Oh my, I love being alive, my Lord, what a morning!
Her nets up, a shrimp boat heads in to St. Andrews after the night out, let’s hope she has a good catch. Over near the Pass a research vessel steams out into the Gulf for a busy day’s work at sea. Sure enough, the lights we saw far out last evening are a large ship offshore, probably waiting for clearance to enter port. And the firmament keeps changing colors and hues, and doing the same to my Bay.
Yesterday we had beloveds over for lunch, shrimp rolls made with a large bowl of fresh caught. Rolls left over this morning, breakfast is a sardine roll. Smear of mayonnaise and a smudge of mustard. Cup of hot black. Tasks for today: finish drafting the worship bulletin booklet for Mothers’ Day, work in the attic at my house (with a sales contract and closing set for late May, I need to resume clearing out personal), and decide about Sunday’s sermon, whether to preach graphically about the Ethiopian eunuch or pause coming down the aisle and anoint someone to come up and preach the word to us.
Homiletics professors at theological seminary advised us not to mix our lessons, that sermon or homily would serve best that worked only one of the day’s four readings, best for hearer and most manageably for preacher. That’s generally been the case, though now and then I’ve stirred two or more.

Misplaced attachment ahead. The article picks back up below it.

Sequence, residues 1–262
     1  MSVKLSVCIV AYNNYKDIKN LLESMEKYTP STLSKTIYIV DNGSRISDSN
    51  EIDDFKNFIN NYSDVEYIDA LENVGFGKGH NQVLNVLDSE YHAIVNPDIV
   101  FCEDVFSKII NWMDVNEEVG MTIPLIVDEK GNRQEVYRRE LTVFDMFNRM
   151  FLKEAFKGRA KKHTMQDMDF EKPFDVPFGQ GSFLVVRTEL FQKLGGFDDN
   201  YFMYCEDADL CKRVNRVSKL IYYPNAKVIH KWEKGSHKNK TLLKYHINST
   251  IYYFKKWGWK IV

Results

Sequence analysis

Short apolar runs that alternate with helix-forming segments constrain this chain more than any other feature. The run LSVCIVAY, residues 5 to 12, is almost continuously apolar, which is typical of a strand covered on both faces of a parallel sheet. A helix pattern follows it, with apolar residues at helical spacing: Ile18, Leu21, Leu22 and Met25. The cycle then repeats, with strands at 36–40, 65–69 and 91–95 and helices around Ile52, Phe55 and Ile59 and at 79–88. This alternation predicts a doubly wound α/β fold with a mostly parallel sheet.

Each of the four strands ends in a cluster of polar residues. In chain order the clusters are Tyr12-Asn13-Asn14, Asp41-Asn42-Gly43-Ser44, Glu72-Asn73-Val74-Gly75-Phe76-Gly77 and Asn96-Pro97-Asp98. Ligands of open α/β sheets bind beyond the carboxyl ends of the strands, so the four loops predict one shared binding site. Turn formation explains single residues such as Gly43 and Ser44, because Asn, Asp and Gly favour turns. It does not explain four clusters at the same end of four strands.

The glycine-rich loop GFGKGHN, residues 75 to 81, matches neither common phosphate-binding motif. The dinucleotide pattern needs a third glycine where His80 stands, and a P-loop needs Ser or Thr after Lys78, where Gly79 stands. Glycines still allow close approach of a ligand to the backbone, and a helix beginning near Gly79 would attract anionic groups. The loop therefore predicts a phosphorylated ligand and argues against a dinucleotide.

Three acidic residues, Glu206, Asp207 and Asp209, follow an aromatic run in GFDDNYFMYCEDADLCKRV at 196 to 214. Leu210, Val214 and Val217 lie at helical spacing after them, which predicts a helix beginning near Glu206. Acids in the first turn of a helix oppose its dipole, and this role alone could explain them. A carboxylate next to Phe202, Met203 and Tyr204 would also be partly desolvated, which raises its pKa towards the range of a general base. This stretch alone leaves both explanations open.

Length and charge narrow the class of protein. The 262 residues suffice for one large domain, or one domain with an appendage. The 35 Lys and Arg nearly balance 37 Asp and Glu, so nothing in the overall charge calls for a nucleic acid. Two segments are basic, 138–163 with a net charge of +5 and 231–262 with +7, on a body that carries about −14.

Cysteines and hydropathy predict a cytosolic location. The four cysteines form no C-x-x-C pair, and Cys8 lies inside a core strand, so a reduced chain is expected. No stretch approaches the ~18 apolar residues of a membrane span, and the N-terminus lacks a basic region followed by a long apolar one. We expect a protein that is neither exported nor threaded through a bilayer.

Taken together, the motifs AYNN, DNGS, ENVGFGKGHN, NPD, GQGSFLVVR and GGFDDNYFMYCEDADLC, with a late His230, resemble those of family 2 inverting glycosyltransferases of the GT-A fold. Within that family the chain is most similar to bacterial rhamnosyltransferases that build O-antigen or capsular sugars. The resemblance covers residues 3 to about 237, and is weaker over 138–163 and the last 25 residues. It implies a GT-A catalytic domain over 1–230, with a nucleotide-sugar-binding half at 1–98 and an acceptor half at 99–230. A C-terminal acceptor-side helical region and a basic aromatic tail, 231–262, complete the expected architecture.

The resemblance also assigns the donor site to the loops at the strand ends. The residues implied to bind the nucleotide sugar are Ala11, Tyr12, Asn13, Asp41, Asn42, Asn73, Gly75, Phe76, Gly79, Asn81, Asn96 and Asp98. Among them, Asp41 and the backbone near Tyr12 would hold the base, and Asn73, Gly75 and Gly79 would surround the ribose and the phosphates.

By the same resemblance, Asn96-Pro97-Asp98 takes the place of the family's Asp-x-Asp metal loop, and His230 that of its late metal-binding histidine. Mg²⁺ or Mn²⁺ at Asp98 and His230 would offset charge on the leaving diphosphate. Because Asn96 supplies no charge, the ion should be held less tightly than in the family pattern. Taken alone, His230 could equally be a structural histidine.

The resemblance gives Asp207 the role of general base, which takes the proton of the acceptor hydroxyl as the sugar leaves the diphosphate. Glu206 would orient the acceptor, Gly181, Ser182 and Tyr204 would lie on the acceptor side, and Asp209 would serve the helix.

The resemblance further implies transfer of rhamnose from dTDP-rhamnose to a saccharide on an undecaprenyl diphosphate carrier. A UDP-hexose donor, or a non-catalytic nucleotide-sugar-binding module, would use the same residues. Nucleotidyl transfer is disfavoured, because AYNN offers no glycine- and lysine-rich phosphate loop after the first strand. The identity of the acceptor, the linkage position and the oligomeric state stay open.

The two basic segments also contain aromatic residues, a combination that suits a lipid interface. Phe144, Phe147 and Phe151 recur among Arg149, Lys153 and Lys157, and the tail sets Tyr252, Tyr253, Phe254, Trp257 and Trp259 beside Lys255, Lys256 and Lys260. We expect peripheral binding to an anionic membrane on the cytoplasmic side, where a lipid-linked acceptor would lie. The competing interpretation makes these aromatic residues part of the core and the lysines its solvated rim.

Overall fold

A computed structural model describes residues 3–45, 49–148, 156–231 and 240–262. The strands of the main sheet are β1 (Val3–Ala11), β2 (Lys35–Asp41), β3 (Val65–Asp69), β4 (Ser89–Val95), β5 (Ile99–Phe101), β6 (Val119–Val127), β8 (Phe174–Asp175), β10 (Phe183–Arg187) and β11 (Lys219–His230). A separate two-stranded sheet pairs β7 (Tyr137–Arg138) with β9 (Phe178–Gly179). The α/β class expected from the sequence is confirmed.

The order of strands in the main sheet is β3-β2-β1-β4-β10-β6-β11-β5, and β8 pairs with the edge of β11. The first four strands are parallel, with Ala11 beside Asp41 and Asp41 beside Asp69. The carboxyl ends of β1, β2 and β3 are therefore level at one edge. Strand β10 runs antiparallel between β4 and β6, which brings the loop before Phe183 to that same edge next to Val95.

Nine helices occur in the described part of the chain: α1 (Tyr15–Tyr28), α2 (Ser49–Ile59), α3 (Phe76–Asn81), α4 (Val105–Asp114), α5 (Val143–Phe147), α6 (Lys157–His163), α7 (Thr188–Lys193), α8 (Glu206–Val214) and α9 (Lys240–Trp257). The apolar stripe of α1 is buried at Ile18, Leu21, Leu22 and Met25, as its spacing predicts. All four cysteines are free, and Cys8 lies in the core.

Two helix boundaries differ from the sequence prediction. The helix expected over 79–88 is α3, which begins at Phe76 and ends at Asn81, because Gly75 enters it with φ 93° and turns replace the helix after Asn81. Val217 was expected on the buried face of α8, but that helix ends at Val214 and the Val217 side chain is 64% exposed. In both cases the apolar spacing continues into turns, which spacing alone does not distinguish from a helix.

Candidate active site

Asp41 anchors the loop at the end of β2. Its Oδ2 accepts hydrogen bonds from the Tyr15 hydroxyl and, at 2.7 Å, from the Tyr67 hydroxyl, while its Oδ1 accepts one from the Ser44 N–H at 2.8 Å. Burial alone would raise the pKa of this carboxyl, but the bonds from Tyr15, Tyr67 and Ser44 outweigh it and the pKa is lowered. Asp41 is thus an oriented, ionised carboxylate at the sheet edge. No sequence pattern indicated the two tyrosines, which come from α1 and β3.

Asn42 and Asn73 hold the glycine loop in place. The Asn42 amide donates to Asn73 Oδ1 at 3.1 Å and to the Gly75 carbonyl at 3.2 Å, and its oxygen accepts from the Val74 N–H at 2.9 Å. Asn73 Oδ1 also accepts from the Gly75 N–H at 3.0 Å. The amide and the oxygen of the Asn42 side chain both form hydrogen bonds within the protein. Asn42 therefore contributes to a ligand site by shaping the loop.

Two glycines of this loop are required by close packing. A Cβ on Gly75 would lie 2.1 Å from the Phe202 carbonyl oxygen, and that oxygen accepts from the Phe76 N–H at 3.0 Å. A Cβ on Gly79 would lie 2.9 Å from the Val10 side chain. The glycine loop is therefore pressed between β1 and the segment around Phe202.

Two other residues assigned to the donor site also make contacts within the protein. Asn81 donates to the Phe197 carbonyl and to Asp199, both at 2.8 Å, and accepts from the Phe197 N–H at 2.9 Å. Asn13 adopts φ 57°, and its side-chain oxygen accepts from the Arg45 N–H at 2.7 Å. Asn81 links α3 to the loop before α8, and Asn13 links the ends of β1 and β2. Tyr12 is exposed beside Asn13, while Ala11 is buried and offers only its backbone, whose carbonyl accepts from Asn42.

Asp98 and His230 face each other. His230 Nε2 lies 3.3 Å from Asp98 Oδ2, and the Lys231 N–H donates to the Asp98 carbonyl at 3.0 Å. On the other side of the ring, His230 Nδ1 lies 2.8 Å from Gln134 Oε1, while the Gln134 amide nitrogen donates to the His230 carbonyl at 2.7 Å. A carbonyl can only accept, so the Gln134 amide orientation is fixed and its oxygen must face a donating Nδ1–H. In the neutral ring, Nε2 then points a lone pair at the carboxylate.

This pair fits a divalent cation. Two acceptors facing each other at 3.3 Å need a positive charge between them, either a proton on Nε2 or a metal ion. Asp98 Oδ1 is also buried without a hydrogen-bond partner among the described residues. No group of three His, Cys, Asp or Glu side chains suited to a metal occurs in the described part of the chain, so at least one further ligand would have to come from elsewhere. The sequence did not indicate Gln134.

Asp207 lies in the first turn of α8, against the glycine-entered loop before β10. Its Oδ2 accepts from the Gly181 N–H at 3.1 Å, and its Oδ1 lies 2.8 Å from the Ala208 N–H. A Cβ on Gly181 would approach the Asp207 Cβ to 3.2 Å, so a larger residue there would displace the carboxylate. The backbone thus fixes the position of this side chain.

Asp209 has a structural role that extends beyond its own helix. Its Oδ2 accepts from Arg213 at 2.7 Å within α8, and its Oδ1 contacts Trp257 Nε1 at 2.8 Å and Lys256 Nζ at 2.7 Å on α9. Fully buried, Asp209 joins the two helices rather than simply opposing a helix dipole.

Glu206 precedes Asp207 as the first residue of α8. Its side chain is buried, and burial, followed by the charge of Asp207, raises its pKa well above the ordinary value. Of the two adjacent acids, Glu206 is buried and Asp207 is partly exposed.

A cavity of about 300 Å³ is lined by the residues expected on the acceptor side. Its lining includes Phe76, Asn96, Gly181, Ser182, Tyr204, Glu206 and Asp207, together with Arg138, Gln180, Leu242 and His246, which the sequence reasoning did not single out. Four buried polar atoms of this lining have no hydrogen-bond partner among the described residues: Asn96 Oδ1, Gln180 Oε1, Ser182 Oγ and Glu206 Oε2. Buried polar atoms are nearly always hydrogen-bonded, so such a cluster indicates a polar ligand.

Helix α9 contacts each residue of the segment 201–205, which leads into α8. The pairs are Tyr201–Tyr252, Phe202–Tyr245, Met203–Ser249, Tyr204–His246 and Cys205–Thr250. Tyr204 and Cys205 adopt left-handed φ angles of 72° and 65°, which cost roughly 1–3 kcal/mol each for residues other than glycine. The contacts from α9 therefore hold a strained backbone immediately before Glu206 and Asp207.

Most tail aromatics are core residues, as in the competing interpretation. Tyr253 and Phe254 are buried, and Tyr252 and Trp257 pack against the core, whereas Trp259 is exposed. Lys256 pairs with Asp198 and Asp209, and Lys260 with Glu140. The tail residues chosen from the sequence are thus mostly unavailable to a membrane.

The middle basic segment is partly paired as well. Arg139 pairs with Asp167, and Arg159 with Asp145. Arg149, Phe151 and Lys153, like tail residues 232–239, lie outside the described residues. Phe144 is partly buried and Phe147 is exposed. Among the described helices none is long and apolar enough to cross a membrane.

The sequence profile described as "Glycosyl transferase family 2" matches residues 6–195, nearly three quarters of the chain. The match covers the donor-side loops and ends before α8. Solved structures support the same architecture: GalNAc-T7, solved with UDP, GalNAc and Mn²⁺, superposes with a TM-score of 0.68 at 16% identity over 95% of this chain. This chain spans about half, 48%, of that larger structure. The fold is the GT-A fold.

What then for Sunday, to do with the Acts 8 reading for Sunday? Luke the apparent author of Acts tells a great story, though Paul’s adventures in Acts don’t always coincide with Paul’s own reports about himself, great stories from start to finish. Sunday’s story is about Αἰθίοψ εὐνοῦχος, whom Ἄγγελος δὲ κυρίου orders Philip out onto a wilderness road to encounter, preach Christ to, and ultimately baptize. What’s the lesson? That we in the church waste time of our lives instructing people in the meanings and nuances of the Holy Mysteries, when all we need is to hear the excited cry, “Ἰδοὺ ὕδωρ,” and down to the stream we run.
Today is April 30. On this day forty years ago I sat in my exalted fifth floor corner office in CP5 staring across the room as the most ignominious military defeat in history unfolded before my eyes. I think my friend was there, in a warship offshore.
Pax. Bitte, mein Herr, Pax.
Early morn a small ship deploys for her next port.